Alphabet CEO lays off 12,000 people, says company ‘hired for a different economic reality’   • TechCrunch

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Good Friday! Join us to like us Lorenzo A very warm welcome to the team! He is joining our team of cybersecurity journalists, working alongside Zack and Carly. He just published his first article on TC, about T-Mobile reporting that a hacker accessed personal data of 37 million customers. Welcome aboard!!

Enjoy your weekend! — Christine and Hello

The TechCrunch Top 3

  • The alphabet explains the redundancies: With all that talk about tech layoffs in the last few months, it was only a matter of time before we saw something from Google’s parent, Alphabet. The search engine giant announced it was cutting 6% of its workforce, affecting 12,000 people. And like the others, CEO Sundar Pichai took his turn to explain how the company “engaged for a different economic reality,” Paul he writes.
  • Game off: With gaming being as popular as it is, this next layoff story is a bit of a surprise, though not totally unexpected since media companies are being hit hard. Entertainment company Fandom, which publishes content under Giant Bomb, GameSpot and Metacritic, has laid off about 10% of its staff at those publications, Ivan reports.
  • It’s all about money, money, money: Social media influencers in India have to disclose promotional content, also known as paid promotions, to the government, and now the Department of Consumer Affairs has issued some guidelines on how to do it. Jagmeet she has more.
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Startups and VC

A $32 million seed round for Chris DeWolfe’s newest gaming company might seem like a throwback to frothier times, like … 2021. But that’s how much PLAI Labs just raised in a deal led by Andreessen Horowitz (a16z), reports Connie. She points out that’s a lot of moolah in a volatile market, even coming as it does from two separate a16z funds: the firm’s $600 million debut gaming vehicle and its $4.5 billion crypto fund, both of which were announced last May.

Here’s a little more for you:

4 investors discuss the next big wave for alternative seafood startups

Image of sushi-grade WildType salmon, grown in the lab. Image Credits: Arye Elfenbein/WildType

There’s a lot of hype around plant-based burgers and nuggets, but alternative seafood products are getting more attention — and funding — from investors these days.

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“More than $178 million was pumped into alternative seafood in the first half of 2022, and the market value is poised to reach $1.6 billion over the next 10 years,” it reports.

To learn more about this maturing space, Christine Hall surveyed four investors to get their thoughts on regulation, the “unique challenges” companies face as they try to scale, and how approaching growth and risk:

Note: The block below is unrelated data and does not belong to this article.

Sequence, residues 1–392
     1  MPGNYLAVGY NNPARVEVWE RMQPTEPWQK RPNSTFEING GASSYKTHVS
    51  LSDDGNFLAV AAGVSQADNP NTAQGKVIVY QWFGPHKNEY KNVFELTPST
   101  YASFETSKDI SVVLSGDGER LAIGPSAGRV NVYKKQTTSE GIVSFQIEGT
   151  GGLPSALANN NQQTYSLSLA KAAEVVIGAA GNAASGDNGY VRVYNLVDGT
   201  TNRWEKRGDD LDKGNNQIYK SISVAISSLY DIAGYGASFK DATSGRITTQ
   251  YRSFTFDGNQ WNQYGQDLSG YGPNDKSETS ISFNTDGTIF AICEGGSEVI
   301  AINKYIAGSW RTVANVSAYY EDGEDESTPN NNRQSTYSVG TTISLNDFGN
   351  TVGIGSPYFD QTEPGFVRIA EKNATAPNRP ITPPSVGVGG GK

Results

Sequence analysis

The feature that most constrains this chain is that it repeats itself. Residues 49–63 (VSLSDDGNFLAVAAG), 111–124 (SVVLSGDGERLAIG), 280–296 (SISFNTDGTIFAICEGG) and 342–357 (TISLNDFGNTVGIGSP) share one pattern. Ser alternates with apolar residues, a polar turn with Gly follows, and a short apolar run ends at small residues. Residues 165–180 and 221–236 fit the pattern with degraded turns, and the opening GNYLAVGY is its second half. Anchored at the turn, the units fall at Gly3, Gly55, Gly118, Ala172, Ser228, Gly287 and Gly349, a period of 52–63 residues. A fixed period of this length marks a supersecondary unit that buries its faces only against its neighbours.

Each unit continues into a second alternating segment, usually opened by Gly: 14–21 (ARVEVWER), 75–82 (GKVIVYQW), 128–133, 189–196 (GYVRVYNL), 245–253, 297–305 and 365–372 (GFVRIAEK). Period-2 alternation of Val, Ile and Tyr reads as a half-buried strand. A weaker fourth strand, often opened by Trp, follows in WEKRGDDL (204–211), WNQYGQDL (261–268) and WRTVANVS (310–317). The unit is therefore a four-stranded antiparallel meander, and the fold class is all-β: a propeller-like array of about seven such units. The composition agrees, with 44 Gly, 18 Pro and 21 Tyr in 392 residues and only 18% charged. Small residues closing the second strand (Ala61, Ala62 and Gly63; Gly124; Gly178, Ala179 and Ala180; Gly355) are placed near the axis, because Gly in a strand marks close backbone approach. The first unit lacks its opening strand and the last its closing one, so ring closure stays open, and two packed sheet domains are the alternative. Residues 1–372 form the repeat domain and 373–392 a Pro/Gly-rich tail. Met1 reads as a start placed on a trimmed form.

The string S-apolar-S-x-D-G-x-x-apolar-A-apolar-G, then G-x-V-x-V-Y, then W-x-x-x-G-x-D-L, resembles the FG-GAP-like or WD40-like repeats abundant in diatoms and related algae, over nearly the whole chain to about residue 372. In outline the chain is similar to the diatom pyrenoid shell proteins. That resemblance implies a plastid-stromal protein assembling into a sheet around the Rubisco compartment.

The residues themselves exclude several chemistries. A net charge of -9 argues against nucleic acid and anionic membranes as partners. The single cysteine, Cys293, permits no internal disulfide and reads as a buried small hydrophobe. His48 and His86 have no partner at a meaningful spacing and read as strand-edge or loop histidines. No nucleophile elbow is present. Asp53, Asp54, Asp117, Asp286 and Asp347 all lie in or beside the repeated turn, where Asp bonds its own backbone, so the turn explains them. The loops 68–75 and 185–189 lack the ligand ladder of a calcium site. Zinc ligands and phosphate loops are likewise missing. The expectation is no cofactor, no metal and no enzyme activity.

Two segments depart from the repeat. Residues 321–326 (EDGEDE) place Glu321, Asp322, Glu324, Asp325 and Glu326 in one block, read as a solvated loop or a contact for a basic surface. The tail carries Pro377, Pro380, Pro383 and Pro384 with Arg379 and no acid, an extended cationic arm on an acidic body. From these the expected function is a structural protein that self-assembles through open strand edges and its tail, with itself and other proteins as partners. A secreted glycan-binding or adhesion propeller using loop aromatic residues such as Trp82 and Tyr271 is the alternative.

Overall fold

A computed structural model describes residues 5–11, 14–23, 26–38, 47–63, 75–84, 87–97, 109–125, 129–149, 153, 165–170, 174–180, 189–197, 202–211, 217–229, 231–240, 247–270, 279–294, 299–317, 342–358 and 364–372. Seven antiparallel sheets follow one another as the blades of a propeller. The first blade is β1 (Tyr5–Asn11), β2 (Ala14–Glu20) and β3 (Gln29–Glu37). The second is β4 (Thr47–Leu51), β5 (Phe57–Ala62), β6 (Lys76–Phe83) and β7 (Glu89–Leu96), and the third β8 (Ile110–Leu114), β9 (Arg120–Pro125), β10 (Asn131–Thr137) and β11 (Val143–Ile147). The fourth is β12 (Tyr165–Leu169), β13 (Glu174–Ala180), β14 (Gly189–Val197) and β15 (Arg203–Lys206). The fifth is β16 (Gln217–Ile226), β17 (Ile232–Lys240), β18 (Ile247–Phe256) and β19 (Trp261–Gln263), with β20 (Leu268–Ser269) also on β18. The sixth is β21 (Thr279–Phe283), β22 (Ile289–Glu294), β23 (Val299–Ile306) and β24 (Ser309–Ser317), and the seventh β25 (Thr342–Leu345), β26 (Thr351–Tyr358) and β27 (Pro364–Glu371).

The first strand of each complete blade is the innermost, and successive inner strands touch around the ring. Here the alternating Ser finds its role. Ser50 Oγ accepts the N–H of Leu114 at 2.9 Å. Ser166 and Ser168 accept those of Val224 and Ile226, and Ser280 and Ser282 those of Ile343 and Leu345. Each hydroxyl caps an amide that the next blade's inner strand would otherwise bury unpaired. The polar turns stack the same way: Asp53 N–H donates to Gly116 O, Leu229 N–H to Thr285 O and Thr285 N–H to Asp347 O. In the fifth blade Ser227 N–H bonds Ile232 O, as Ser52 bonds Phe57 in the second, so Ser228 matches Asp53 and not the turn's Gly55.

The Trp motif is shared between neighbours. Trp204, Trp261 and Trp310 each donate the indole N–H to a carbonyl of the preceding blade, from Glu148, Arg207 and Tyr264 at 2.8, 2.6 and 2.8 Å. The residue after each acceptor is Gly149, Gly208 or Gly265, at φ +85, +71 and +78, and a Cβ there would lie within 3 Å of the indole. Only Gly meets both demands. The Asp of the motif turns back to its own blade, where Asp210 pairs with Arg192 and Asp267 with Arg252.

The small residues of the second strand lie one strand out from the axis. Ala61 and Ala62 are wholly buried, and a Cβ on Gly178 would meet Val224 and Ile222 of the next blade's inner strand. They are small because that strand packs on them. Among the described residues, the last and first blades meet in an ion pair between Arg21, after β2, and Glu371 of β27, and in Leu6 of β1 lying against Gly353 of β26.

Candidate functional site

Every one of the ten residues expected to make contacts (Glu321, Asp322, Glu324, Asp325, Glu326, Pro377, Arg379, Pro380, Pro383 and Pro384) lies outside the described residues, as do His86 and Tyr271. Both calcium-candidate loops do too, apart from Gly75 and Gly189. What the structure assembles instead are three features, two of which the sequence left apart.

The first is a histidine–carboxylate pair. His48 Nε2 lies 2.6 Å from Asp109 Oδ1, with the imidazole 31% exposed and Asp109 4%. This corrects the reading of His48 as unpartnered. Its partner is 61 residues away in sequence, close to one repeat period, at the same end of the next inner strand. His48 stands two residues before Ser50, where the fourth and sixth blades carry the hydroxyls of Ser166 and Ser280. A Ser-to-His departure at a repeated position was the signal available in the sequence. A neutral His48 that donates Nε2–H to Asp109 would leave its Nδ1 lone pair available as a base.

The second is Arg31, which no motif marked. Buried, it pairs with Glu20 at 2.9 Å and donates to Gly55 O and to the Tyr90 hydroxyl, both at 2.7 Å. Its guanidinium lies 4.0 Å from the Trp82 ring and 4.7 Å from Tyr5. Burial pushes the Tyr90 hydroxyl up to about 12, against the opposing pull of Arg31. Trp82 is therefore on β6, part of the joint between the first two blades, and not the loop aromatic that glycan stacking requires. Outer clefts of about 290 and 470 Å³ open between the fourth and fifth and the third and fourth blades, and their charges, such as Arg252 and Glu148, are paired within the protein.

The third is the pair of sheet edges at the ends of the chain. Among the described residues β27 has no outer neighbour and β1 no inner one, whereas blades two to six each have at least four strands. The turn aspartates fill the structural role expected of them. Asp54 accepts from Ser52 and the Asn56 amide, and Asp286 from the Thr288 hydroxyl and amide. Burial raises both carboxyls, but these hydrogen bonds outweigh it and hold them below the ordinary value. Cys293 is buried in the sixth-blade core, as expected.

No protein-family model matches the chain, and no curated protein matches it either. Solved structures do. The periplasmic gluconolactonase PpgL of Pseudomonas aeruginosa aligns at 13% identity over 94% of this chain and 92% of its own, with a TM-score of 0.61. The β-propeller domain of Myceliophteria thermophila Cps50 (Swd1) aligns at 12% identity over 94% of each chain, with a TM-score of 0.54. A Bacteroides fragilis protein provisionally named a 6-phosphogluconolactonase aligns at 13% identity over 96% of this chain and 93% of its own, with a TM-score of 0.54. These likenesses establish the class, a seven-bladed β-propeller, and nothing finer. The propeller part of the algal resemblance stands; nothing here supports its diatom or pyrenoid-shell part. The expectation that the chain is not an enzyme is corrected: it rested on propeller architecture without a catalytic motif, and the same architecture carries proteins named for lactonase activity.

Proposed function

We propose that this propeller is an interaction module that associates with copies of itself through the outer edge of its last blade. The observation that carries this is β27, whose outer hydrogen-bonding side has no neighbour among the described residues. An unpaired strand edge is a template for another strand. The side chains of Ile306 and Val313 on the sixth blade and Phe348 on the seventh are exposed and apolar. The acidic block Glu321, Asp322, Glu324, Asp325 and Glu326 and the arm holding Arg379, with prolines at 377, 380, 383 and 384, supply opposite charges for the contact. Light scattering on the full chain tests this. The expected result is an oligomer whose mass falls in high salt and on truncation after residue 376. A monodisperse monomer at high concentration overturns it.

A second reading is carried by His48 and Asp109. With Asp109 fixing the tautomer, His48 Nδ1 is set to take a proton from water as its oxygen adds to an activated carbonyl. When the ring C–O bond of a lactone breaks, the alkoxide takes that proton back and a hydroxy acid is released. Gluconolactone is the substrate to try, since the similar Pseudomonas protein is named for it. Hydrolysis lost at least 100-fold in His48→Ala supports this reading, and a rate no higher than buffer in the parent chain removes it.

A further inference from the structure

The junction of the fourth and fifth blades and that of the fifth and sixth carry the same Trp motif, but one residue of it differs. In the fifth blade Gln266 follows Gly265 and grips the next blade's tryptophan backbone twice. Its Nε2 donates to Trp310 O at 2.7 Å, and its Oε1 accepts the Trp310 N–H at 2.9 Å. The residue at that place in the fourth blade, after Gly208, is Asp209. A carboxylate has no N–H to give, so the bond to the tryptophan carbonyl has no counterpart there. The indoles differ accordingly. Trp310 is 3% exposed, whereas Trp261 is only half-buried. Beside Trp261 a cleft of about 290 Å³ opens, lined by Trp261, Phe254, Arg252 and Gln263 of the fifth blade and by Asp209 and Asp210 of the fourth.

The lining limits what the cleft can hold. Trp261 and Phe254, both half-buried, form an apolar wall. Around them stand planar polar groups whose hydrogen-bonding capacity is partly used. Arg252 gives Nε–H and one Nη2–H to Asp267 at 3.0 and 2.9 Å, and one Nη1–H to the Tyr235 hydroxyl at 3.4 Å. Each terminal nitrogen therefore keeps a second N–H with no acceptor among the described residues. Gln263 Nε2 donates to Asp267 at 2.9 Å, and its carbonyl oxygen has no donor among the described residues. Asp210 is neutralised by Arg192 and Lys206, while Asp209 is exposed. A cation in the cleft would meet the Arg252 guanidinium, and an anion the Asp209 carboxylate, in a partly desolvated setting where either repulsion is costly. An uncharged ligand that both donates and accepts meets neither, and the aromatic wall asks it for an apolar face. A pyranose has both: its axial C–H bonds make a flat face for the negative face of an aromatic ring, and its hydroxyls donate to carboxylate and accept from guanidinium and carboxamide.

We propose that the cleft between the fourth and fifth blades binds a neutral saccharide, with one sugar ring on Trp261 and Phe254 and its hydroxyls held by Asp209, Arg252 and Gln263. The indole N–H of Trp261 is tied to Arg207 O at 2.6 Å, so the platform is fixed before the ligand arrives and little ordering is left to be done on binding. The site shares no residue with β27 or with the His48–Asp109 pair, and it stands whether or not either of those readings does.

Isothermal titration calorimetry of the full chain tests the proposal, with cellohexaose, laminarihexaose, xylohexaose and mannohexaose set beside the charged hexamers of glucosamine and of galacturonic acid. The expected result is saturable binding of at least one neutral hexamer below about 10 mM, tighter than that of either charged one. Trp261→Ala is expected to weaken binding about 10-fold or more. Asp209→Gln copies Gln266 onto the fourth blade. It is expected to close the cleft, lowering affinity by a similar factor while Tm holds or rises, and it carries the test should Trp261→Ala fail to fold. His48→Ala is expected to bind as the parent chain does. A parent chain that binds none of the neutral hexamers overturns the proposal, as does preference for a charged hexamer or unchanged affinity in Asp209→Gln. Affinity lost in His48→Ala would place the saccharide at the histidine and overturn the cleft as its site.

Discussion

• Kate Danaher, managing director of oceans and seafood, S2G Ventures
  • Friederike Grosse-Holz, director, Blue Horizon
  • Christian Lim, managing director, Blue Ocean of SWEN Capital Partners
  • Amy Novogratz, co-founder and managing partner, Aqua Spark

Three more from the TC+ team:

TechCrunch+ is our partnership program that helps founders and startup teams to take advantage of the package. You can sign up here. Use the code “DC” for a 15% discount on an annual subscription!

Big Tech Inc.

Well, no more talk of layoffs. We’re going to have fun, because it’s Friday, damn it!

Are you still playing Wordle? Or maybe you switched to his clone Quordle. Also, Quordle was acquired by Merriam-Webster, Paul reports. If you have never tried, Quordle is similar to the basic concept of Wordle, guessing a word in a certain amount of attempts, except that there are four words of five letters to guess at once, with only nine trials. It could be just the thing to warm you up on a cold winter’s night.

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Here are four more for your Friday enjoyment:

  • It’s your turn: Amanda writes that after weeks of backlash and protest from content creators and fans, the publisher of Dungeons & Dragons has made the decision to place the game under a Creative Commons license.
  • A sudden farewell: After recently shutting down third-party clients, including Tweetbot and Twitterific, Twitter has gone ahead and officially banned them, Kyle he writes.
  • ICYMI: Netflix founder Reed Hastings has stepped down as co-CEO but will remain on the board, Taylor he writes. Meanwhile, Netflix is ​​looking at free streaming “FAST” channels as a possibility to grow its ad business, Lauren reports.
  • Up, up, and away: How Darrell he writes, Canada is rising from the sidelines and joining the space race, saying it wants to support commercial space launches.


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